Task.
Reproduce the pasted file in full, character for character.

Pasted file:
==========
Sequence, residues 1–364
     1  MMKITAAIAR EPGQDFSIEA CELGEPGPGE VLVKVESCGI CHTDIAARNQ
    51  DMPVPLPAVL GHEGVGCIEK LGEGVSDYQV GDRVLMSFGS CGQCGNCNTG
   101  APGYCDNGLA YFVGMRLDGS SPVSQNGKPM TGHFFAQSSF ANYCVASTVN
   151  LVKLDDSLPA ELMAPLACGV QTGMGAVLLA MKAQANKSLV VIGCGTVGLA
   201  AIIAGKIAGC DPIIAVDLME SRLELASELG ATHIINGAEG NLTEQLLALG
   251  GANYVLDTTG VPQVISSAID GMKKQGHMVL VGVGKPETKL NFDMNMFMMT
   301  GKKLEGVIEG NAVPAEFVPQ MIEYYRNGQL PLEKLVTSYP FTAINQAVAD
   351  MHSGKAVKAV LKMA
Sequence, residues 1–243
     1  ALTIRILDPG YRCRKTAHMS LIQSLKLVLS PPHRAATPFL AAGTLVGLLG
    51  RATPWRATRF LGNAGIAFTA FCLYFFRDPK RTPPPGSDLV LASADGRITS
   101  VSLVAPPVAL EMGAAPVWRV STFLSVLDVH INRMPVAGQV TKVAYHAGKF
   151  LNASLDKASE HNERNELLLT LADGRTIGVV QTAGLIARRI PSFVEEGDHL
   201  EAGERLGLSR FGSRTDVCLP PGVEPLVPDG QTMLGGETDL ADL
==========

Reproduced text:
Sequence, residues 1–364
     1  MMKITAAIAR EPGQDFSIEA CELGEPGPGE VLVKVESCGI CHTDIAARNQ
    51  DMPVPLPAVL GHEGVGCIEK LGEGVSDYQV GDRVLMSFGS CGQCGNCNTG
   101  APGYCDNGLA YFVGMRLDGS SPVSQNGKPM TGHFFAQSSF ANYCVASTVN
   151  LVKLDDSLPA ELMAPLACGV QTGMGAVLLA MKAQANKSLV VIGCGTVGLA
   201  AIIAGKIAGC DPIIAVDLME SRLELASELG ATHIINGAEG NLTEQLLALG
   251  GANYVLDTTG VPQVISSAID GMKKQGHMVL VGVGKPETKL NFDMNMFMMT
   301  GKKLEGVIEG NAVPAEFVPQ MIEYYRNGQL PLEKLVTSYP FTAINQAVAD
   351  MHSGKAVKAV LKMA
Sequence, residues 1–243
     1  ALTIRILDPG YRCRKTAHMS LIQSLKLVLS PPHRAATPFL AAGTLVGLLG
    51  RATPWRATRF LGNAGIAFTA FCLYFFRDPK RTPPPGSDLV LASADGRITS
   101  VSLVAPPVAL EMGAAPVWRV STFLSVLDVH INRMPVAGQV TKVAYHAGKF
   151  LNASLDKASE HNERNELLLT LADGRTIGVV QTAGLIARRI PSFVEEGDHL
   201  EAGERLGLSR FGSRTDVCLP PGVEPLVPDG QTMLGGETDL ADL